Alternative Spring Break allows students the opportunity for weeklong service experience in a community within the United States. This year there were three trips in different areas. I was fortunate to be able to take part in the service trip to New Orleans, LA (NOLA).
Hopping in a van with eight other people for over 24 hours sounds like an intimidating thought, but it was the start of one of the best weeks of my life. Coming into the trip I had only met the rest of the group a handful of times, so it was scary to think I’d be spending the next ten days with them. Through the course of the week I created bonds with every person in ways I can’t even begin to explain.
In New Orleans, we worked with St. Bernard Project (SBP), a nonprofit disaster relief organization formed following the devastation of Hurricane Katrina. We spent Monday through Friday working on a new house in the Lower Ninth Ward, a neighborhood still trying to rebuild itself from the disaster that it went through when the levees broke. We learned how to lay flooring throughout the house, as well as install shoe molding. Both required the use of tools none of us were familiar with, such as power saws and sanders. Leaving the house at the end of the week every one of us had learned skills that we never thought we would have had the chance to.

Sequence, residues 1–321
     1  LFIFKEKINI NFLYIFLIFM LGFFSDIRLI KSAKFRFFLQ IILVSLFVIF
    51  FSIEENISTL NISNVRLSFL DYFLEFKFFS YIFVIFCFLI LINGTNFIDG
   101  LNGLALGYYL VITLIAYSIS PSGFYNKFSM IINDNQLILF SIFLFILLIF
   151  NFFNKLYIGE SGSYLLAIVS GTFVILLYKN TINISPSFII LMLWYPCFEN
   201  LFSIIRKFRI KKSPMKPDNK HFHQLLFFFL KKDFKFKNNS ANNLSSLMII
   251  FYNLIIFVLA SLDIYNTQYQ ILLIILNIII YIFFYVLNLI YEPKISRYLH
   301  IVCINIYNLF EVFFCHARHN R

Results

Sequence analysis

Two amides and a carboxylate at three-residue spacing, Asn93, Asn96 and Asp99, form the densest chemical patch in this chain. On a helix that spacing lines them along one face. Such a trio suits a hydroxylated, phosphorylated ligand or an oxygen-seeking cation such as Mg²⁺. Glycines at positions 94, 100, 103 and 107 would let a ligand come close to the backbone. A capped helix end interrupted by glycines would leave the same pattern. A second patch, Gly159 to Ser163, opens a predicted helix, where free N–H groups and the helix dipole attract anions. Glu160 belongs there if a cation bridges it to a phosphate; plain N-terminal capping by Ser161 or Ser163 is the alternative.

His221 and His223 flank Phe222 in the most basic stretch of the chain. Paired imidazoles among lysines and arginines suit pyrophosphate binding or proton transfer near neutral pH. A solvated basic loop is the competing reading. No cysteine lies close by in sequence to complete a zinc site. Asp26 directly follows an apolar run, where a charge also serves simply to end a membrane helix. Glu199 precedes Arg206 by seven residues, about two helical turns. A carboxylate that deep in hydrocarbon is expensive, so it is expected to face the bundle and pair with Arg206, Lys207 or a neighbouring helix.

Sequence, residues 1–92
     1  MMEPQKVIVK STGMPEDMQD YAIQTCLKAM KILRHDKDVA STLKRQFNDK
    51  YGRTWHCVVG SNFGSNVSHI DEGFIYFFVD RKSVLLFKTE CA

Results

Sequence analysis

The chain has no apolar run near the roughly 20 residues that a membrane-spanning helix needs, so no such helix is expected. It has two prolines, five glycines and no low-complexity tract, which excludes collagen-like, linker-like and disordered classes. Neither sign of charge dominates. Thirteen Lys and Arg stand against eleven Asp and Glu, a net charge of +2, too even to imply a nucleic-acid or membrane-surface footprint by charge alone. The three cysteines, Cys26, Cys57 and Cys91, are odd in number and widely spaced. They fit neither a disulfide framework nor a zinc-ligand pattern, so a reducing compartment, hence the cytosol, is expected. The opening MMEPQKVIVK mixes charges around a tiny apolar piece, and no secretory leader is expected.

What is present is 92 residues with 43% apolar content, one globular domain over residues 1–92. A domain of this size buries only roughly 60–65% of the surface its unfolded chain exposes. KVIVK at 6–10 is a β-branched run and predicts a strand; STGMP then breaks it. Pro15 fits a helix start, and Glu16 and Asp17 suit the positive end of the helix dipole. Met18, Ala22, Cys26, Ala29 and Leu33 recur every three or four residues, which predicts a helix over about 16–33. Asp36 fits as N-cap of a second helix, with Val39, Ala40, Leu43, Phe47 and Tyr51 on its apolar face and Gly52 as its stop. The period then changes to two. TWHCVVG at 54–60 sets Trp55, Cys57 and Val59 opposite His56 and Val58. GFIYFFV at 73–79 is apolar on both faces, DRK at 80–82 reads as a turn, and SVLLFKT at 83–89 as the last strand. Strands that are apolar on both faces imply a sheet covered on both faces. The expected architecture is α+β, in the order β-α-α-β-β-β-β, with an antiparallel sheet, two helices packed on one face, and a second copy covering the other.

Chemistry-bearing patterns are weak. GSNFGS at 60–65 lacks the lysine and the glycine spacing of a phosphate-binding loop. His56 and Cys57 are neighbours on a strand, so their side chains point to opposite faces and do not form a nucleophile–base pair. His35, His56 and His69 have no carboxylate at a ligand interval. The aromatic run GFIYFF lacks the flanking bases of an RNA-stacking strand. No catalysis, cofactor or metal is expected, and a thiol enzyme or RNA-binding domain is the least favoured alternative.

Visiting the Lower Ninth Ward Living Museum put into perspective what we were spending our time working toward and how badly this community was treated following the disaster. Seeing photos of the homes and properties we had been driving past every day under more than ten feet of water was shocking. Even more unbelievable was that even after the amount of time that had passed, almost 13 years, not only this neighborhood but the entire city still has a long way to go until it is back to the way it was before Hurricane Katrina. My eyes were opened to the unfair treatment of people that is still going on in our country. The experience not only changed my perspective, but also taught me to find out the truth for myself.
Throughout the week we made time for more than just work; we explored New Orleans and got the chance to experience the city’s unique culture. Between the Voodoo and World War Two museums, local cuisine, and famous hotspots, we caught a glimpse of NOLA’s exclusive lifestyle.
Alternative Spring Break allowed me to not only serve but also to experience different cultures, see firsthand how these types of disasters affect people and their communities, and create incomparable relationships. Given the chance, I would make the decision to donate my time over spring break to New Orleans time and time again.
Kayla Johonnett ’19, originally from Manchester, NH, is a marketing major with options in strategic marketing and professional sales, and is a professional communications minor. In her free time, you can find her with her family or somewhere in the mountains enjoying New Hampshire’s beauty and outdoor recreation activities.